BEIRUT, Lebanon – Protesters in Lebanon on Saturday marked the first anniversary of months-long Oct. 17 anti-government demonstrations.

Lebanese held demonstrations in cities to commemorate protests that began against tax policies and continued for months with protesters demanding resignation of political parties that have shared power for years.

Hundreds gathered in Martyrs’ Square in Beirut at noon and marched with Lebanese flags to the Banks Association, before heading to the Central Bank.

The demonstrators, who also hold the Central Bank responsible for Lebanon’s economic crisis, stoned the building.

Leaving the site after security forces intervened, protesters concluded their march at the Port of Beirut.

Around 2,000 protesters chanted slogans against political parties and lit torches in memory of those killed in a massive blast at the port.

The Aug. 4 blast, which shook Lebanon and caused massive destruction in the capital, came at a time when the country was reeling under a crippling economic crisis amid the outbreak of the coronavirus pandemic.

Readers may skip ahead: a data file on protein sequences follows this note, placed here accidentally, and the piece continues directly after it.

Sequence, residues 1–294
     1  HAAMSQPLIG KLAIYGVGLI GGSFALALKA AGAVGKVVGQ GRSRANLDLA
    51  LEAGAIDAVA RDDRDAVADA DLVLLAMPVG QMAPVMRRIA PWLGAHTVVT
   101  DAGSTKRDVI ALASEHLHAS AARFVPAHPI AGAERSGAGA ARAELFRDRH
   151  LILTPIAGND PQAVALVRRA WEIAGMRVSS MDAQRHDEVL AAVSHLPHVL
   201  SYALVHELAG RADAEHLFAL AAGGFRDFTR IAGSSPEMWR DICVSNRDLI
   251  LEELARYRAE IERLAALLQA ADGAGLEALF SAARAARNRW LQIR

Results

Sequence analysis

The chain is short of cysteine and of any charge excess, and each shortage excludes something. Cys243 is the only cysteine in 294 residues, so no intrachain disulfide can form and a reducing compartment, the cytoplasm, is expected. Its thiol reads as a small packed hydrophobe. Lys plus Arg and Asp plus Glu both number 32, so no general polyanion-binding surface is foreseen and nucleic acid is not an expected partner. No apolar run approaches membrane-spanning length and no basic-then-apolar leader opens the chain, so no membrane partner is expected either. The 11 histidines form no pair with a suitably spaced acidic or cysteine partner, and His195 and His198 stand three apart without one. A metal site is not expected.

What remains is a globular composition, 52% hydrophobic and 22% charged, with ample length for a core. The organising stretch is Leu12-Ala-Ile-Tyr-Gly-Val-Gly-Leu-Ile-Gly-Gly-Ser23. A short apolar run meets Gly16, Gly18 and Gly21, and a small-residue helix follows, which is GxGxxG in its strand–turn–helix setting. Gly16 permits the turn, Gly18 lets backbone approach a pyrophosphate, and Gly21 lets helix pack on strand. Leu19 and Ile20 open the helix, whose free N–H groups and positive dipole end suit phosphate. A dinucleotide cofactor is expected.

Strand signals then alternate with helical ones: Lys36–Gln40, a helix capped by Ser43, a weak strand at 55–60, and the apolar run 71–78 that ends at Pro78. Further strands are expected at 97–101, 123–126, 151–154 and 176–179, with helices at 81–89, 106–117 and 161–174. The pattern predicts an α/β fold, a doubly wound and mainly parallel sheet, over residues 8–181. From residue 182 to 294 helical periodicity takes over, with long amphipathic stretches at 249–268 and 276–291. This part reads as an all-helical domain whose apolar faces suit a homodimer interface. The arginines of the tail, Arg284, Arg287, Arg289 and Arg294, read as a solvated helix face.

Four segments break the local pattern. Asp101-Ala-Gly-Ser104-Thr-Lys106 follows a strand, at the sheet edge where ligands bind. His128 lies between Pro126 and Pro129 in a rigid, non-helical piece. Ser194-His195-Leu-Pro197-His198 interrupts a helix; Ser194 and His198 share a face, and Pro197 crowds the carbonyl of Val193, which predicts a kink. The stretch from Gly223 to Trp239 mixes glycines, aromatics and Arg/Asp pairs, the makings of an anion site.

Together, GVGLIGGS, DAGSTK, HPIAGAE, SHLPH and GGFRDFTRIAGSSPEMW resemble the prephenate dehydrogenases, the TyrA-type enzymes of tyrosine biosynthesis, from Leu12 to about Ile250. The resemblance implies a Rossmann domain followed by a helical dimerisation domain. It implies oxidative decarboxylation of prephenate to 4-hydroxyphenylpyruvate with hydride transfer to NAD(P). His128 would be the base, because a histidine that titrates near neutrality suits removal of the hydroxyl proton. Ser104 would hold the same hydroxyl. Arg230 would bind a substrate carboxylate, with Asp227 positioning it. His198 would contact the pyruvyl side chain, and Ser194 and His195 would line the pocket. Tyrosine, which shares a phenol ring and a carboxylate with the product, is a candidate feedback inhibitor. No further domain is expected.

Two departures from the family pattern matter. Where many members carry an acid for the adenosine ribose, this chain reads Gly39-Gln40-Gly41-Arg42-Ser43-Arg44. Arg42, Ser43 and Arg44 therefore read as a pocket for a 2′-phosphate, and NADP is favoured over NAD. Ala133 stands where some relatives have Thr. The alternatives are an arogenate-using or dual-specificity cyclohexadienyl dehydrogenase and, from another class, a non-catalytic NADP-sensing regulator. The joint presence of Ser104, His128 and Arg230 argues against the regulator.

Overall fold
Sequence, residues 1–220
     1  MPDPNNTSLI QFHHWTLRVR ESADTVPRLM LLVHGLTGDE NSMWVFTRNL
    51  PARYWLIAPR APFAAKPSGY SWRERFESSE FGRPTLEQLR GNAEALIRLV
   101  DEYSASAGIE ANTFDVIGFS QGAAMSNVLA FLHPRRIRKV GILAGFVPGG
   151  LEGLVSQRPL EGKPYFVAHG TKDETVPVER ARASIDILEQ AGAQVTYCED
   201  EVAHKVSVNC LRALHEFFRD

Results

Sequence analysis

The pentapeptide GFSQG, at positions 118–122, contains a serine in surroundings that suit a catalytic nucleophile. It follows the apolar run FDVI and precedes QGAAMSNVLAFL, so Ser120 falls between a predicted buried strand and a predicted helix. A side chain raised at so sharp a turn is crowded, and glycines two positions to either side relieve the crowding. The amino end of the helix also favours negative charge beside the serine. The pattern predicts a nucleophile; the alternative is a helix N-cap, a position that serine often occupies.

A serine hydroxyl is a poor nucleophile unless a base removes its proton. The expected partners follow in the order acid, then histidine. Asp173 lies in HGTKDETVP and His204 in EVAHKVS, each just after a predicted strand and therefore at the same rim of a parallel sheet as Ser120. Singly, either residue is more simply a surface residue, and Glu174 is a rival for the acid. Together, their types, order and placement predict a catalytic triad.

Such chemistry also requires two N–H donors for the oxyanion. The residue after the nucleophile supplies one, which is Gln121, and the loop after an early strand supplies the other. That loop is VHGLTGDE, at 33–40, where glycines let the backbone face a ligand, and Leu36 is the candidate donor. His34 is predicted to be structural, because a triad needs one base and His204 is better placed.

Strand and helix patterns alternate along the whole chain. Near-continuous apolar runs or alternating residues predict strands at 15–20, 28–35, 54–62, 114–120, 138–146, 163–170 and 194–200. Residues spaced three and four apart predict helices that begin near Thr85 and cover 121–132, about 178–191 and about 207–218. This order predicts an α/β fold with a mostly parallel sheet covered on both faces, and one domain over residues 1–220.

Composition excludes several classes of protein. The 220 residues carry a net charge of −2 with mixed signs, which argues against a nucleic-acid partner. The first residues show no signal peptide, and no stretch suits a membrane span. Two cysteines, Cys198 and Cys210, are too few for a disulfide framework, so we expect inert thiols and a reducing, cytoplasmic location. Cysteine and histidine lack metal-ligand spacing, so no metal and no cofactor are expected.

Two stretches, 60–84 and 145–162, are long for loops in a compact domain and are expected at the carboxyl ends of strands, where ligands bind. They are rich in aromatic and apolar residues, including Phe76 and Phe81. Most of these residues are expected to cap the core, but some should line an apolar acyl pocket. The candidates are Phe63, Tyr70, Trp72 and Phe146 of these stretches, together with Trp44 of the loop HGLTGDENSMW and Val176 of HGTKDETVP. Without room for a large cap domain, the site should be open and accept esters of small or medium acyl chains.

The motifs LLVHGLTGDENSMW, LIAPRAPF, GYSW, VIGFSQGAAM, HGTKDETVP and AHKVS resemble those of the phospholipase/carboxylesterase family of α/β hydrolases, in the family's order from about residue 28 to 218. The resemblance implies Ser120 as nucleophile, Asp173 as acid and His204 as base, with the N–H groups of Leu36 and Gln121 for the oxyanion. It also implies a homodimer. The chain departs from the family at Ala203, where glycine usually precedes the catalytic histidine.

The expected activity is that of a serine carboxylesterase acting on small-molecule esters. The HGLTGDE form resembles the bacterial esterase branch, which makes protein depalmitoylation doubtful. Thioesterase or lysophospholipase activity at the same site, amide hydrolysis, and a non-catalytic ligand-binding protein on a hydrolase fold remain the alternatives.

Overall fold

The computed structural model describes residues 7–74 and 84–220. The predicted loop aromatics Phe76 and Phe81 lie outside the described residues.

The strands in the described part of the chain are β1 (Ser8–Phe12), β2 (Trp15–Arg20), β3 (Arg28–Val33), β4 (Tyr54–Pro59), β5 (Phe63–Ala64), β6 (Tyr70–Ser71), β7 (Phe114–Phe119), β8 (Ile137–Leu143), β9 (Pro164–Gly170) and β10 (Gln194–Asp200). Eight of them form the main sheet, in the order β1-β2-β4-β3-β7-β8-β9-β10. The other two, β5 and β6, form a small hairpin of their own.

The explosion killed at least 192 people and injured more than 6,000.

– Oct. 17 protests

The national unity government formed by the Muslim and Christian parties in parliament planned to impose a $6 month fee from users of the social media application WhatsApp as part of new taxes on communication.

The protest organized in front of the Government Palace during the meeting of the Council of Ministers on Oct. 17, 2019, on the tax-focused 2020 budget negotiations, turned into the largest mass demonstrations in the history of the country.

Activists, who flocked to squares and blocked main roads for about two weeks across the country, prevented public institutions, especially banks and schools, and the private sector, from providing services.

After Prime Minister Saad al-Hariri announced the resignation of government Oct. 29, demonstrators continued to protest, demanding the establishment of a government of independent technocrats, the elimination of sectarian-oriented parties that have been in the administration for years and insisting on early elections.

Although the protests have been suspended for several months because of the coronavirus outbreak, demonstrators continue to keep their anger alive on social media.

*Writing by Sena Guler

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